medroxyprogesterone, Provera, Depo-Provera, Depo-Sub Q Provera 104

  • Pharmacy Author:
    Omudhome Ogbru, PharmD

    Dr. Ogbru received his Doctorate in Pharmacy from the University of the Pacific School of Pharmacy in 1995. He completed a Pharmacy Practice Residency at the University of Arizona/University Medical Center in 1996. He was a Professor of Pharmacy Practice and a Regional Clerkship Coordinator for the University of the Pacific School of Pharmacy from 1996-99.

  • Medical and Pharmacy Editor: Jay W. Marks, MD
    Jay W. Marks, MD

    Jay W. Marks, MD

    Jay W. Marks, MD, is a board-certified internist and gastroenterologist. He graduated from Yale University School of Medicine and trained in internal medicine and gastroenterology at UCLA/Cedars-Sinai Medical Center in Los Angeles.

  • Medical and Pharmacy Editor: William C. Shiel Jr., MD, FACP, FACR
    William C. Shiel Jr., MD, FACP, FACR

    William C. Shiel Jr., MD, FACP, FACR

    Dr. Shiel received a Bachelor of Science degree with honors from the University of Notre Dame. There he was involved in research in radiation biology and received the Huisking Scholarship. After graduating from St. Louis University School of Medicine, he completed his Internal Medicine residency and Rheumatology fellowship at the University of California, Irvine. He is board-certified in Internal Medicine and Rheumatology.

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GENERIC NAME: medroxyprogesterone acetate

BRAND NAME: Provera, Depo-Provera, Depo-Sub Q Provera 104

DRUG CLASS AND MECHANISM: Progestins and estrogens are the two major classes of female hormones. Medroxyprogesterone is a derivative of the naturally occurring female progestin, progesterone. Progestins are responsible for changes in the mucus and inner lining of the uterus (endometrium) during the second half (secretory phase) of the menstrual cycle. Progestins prepare the endometrium for implantation of the embryo. Once an embryo implants in the endometrium and pregnancy occurs, progestins help maintain the pregnancy. At high doses, progestins can prevent ovulation (release of the egg from the ovary) and thereby prevent pregnancy. Progestins were first isolated in 1933, and progesterone itself was synthesized in the 1940s.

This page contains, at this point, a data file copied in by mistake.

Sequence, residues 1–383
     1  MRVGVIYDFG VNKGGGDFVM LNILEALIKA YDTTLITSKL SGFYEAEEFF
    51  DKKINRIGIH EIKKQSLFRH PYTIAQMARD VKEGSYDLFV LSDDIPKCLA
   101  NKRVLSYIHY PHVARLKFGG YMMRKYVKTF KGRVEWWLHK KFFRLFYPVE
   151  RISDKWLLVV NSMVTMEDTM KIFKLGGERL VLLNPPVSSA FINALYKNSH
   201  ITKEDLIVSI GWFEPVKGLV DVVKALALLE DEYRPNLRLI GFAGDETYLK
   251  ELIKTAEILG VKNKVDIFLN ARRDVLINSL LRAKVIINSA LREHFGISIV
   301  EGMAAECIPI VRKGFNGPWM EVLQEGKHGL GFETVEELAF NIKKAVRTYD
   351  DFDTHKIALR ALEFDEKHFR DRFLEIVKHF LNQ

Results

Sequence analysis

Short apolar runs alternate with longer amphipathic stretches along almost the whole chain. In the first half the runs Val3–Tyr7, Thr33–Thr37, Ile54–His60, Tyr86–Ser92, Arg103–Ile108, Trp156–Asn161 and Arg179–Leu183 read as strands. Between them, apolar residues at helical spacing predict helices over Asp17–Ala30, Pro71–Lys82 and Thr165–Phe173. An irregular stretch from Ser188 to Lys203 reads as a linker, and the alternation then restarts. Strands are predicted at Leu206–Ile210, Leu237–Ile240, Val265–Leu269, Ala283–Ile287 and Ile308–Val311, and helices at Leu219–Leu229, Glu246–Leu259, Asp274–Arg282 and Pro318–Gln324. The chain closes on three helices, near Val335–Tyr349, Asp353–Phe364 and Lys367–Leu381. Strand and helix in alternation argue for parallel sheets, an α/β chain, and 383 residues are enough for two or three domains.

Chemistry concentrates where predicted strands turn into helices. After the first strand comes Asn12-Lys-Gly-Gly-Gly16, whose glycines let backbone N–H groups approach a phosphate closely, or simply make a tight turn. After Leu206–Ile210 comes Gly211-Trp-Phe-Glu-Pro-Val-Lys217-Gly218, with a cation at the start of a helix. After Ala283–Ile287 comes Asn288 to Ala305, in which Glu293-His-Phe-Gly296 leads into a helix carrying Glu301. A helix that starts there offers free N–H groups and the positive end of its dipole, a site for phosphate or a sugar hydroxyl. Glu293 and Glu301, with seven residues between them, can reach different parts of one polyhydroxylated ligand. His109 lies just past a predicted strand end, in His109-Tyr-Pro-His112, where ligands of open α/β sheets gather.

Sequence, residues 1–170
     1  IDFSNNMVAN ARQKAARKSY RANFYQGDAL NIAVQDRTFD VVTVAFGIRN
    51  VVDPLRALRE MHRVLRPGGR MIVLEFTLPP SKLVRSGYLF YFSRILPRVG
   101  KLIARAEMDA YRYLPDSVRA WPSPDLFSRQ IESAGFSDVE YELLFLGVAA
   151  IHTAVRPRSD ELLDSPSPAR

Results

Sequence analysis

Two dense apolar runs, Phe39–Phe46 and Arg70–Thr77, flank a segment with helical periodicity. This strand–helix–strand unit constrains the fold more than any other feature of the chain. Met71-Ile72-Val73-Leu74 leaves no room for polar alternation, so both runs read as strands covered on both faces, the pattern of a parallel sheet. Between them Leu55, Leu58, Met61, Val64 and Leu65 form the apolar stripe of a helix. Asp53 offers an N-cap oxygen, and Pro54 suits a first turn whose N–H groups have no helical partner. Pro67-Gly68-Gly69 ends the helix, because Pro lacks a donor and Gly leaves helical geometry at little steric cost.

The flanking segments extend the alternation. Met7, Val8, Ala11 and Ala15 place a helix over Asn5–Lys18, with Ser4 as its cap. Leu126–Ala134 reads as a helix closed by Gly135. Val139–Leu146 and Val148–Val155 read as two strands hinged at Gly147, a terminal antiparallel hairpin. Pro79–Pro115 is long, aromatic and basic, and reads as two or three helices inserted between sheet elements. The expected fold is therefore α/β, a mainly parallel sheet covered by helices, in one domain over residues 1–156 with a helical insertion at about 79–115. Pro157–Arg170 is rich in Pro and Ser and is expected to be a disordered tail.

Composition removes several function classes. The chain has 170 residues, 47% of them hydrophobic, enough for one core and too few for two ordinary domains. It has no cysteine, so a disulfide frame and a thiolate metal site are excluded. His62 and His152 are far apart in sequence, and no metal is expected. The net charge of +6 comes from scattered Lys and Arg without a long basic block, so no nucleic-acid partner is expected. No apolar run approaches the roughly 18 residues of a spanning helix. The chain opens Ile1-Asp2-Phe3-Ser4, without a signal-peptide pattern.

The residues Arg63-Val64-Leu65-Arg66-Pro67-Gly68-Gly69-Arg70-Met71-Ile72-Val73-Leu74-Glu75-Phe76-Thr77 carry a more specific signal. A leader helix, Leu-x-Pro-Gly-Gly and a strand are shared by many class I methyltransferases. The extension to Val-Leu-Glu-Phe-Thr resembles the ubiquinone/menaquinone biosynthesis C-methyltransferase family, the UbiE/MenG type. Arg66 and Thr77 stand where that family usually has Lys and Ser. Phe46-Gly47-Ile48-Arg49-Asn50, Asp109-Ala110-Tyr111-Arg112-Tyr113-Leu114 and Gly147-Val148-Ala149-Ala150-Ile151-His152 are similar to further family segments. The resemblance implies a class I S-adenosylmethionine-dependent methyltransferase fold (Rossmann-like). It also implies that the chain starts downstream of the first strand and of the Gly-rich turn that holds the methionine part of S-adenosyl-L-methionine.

PRESCRIPTION: Yes

GENERIC AVAILABLE: Yes

PREPARATIONS:

  • Tablets: 2.5, 5, and 10 mg.
  • Intramuscular injection: 150 and 400 mg/ml.
  • Prefilled Syringe Suspension: 104 mg/0.65 ml

STORAGE: Medroxyprogesterone should be stored at room temperature, between 20 C and 25 C (68 F and 77 F).

PRESCRIBED FOR: Medroxyprogesterone tablets are used for treating secondary amenorrhea (cessation of menstruation); abnormal bleeding from the uterus due to hormonal imbalance and not due to fibroids, or cancer; and to prevent endometrial hyperplasia (overgrowth of the endometrial lining) in postmenopausal women who have not undergone a hysterectomy and are receiving conjugated estrogens.

Medically Reviewed by a Doctor on 12/9/2014

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